Lori Alhadeff is the mother of Alyssa Alhadeff, killed at the Marjory Stoneman Douglas High School (MSDHS) shooting in Parkland, Florida on February 14, 20018. Alhadeff sits on the Broward County School Board, and is the founder of Make Our Schools Safe and The Dream Team, a national non-profit organization dedicated to protecting students and teachers at school. Learn more about starting a Dream Team Club in your school, please visit: https://makeourschoolssafe.org/dream-team.
Right: An image gallery of Alyssa.
Images provided by Lori Alhadeff.
Mitch and Annika Dworet’s 17-year-old son, Nick, was murdered in the shooting at Marjory Stoneman Douglas High School on February 14th, 2018. Their younger son, Alex, was shot and injured that day. Alex survived.
Left: An image gallery of Nick
Images provided by Mitch Dworet
Andrew Pollack’s 18-year-old daughter Meadow Pollack was killed in the Stoneman Douglas High School shooting. He’s a school safety activist credited with helping to pass the “Marjory Stoneman Douglas High School Public Safety Act, and co-author of Behind the Gun: How Parkland Created its Killer and Our Schools Became Unsafe (Post Hill Press, 2019).
Right: This piece was written by Eden Hebron two months following the Marjory Stoneman Douglas High School shooting. Eden is a student at Marjory Stoneman Douglas High School.
Images provided by Eden Hebron
Rachel Bean graduated from Marjory Stoneman Douglas High School in Parkland, Florida in the spring of 2017, one year before the shooting on February 14, 2018. She was a freshman college student at University of Central Florida, and working in the library’s digital services department when she heard the news of her school’s shooting.
Right: MSD alum Rachel Bean and her dear friend Olivia Sands in front of UCF’s MSD memorial, a week after the shooting.
Image provided by Rachel Bean
On February 14, 2018, nineteen-year-old former student Nikolas Cruz shot and killed seventeen students and staff and injured seventeen more at Marjory Stoneman Douglas High School. Prior to the shooting on January 5, a caller reported Cruz’s Instagram to the FBI, sharing a post that read, “I want to kill people.” Despite the call, an investigation was not conducted.
Broward County Sheriff Scott Israel’s timeline of the incident is cited in a CBS News article: “around 2:19 p.m. he (Cruz) took an Uber to Marjory Stoneman Douglas High School and entered the east stairwell, according to Broward County Sheriff Scott Israel. He had a rifle inside a black case, and after taking it out at 2:21 p.m., he began shooting inside the 1200 building into rooms 1215, 1216, 1214, and then he then went back into 1216, 1215 and 1214. Cruz then took the west stairwell to the second floor and shot one victim in room 1234 on the second floor. The suspect then took the east stairwell to the third floor ... he then dropped his rifle and backpack containing extra ammunition and ran down the stairs ... exiting building 12 and ran toward the tennis courts. The suspect then turned west and tried to mix in with students who were trying to run away fearing for their lives. The suspect then arrived at a Walmart store and bought a drink at the Subway and left the Walmart on foot. The suspect then arrived at a McDonald's around 3:01 p.m. and he left on foot. At 3:41 p.m., 40 minutes after leaving McDonald’s, the suspect was detained at 4700 Wyndham Lakes Drive by the Coconut Creek Police Department.” A few weeks after the shooting, a grand jury in Broward County, Florida indicted Nikolas Cruz on thirty-four counts of premeditated murder and attempted murder.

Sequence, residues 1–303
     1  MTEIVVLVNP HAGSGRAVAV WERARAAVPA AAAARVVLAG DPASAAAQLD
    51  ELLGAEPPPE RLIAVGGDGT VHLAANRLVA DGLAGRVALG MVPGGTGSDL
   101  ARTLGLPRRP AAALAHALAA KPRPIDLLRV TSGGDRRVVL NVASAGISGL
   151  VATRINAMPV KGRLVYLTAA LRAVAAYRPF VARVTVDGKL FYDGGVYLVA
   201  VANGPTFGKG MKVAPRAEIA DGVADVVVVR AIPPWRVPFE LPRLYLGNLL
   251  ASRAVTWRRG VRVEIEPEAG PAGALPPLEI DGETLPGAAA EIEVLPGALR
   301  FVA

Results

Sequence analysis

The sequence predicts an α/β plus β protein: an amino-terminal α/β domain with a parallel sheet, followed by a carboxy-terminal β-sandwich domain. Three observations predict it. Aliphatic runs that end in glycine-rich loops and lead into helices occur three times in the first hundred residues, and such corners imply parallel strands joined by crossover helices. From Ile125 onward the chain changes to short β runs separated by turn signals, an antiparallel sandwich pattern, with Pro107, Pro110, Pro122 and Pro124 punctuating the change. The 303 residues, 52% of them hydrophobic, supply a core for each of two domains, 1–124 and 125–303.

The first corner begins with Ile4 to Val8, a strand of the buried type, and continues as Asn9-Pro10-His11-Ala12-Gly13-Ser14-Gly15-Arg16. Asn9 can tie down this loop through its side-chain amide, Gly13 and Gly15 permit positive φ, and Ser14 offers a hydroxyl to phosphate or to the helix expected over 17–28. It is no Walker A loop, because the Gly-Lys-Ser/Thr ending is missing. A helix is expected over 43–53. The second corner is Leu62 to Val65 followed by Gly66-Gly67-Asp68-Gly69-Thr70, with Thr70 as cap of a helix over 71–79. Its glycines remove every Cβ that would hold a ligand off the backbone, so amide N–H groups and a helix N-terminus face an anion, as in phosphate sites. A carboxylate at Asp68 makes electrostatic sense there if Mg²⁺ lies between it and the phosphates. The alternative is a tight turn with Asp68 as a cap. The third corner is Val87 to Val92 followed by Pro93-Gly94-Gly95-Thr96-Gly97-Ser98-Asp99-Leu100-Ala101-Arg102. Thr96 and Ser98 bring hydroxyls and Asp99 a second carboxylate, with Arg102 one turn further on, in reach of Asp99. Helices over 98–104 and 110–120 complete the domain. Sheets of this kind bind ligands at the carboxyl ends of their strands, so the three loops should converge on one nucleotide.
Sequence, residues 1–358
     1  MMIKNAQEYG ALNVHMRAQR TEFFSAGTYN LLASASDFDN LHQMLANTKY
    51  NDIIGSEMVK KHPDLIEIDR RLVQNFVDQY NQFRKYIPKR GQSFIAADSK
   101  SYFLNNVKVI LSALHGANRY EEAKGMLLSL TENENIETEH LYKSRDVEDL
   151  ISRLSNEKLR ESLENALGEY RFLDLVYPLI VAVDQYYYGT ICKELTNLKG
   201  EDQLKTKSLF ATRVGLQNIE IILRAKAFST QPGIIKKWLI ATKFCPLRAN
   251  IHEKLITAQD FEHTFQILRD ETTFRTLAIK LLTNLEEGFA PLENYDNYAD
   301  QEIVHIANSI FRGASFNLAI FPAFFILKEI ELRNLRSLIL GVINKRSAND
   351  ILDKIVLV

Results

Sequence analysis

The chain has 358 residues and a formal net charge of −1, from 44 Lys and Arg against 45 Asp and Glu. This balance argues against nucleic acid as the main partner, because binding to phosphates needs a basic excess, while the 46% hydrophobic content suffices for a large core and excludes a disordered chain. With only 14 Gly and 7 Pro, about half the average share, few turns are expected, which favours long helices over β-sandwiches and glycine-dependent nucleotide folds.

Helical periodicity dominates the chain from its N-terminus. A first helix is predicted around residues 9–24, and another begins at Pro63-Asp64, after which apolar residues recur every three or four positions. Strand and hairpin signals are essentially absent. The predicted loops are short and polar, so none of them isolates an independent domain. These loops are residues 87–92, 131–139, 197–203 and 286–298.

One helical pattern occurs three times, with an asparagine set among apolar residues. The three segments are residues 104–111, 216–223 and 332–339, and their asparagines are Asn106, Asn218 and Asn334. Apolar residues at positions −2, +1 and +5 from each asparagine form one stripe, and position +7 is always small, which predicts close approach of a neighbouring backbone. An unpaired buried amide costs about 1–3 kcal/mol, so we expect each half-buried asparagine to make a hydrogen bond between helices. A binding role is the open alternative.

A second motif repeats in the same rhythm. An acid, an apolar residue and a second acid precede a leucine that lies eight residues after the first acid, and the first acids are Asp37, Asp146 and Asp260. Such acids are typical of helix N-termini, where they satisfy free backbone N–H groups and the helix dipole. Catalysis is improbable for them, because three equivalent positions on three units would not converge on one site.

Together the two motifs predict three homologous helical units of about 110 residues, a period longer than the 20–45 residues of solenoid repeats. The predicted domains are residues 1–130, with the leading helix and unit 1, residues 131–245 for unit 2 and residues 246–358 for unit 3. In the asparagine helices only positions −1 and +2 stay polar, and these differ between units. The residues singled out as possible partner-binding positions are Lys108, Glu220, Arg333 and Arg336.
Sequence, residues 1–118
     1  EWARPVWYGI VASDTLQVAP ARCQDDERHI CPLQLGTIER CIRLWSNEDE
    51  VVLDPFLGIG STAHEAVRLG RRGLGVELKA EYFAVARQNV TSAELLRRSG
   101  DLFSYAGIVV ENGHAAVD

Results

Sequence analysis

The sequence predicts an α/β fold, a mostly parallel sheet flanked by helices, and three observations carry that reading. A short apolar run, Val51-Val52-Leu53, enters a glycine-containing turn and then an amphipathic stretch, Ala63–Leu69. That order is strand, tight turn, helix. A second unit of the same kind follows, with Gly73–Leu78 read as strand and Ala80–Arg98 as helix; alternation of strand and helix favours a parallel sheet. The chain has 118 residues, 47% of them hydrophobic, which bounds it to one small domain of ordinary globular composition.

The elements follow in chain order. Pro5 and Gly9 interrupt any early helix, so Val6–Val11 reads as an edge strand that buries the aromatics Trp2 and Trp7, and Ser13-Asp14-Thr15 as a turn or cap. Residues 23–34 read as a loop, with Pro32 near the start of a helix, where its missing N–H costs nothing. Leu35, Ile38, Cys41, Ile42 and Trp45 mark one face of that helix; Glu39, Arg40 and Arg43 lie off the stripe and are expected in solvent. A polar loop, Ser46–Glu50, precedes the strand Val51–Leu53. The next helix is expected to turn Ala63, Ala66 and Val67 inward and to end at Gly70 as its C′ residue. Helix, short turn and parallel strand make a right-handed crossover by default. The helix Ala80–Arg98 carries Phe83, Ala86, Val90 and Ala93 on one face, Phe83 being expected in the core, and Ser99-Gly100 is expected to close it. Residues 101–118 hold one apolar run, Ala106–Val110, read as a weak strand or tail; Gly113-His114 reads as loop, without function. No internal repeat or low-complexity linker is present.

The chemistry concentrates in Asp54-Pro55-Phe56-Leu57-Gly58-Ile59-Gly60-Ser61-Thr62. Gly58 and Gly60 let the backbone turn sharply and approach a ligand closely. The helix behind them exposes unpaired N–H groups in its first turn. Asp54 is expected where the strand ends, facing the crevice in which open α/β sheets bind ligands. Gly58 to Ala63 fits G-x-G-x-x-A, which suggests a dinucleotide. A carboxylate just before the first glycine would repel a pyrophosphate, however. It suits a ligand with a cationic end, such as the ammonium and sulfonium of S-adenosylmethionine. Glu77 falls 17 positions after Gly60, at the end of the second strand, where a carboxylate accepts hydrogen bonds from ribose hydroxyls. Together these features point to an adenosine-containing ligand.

In the days after the shooting, a group of Marjory Stoneman Douglas High School formed Never Again MSD, also known by the Twitter hashtags #NeverAgain and #EnoughIsEnough, a political action committee advocating for stricter gun control laws. In addition to Never Again, the shooting also inspired a nationwide demonstration called March for Our Lives, which was first organized on March 24, 2018 in Washington, D.C in collaboration with Everytown for Gun Safety. The mission of March for Our Lives is to “remind the world that young people have the power to drive real change,” and to “create a movement that ends the [gun] violence and elects morally just leaders into office.”
At the first March for Our Lives, Emma González, one of the founders of Never Again MSD, activist, and gun control advocate, read the names of those murdered at Marjory Stoneman Douglas High School. Her speech lasted six minutes and twenty seconds, the same duration of the shooting: “Six minutes and about 20 seconds,” she said. “In a little over 6 minutes, 17 of our friends were taken from us, 15 were injured and everyone in the Douglas community was forever altered.”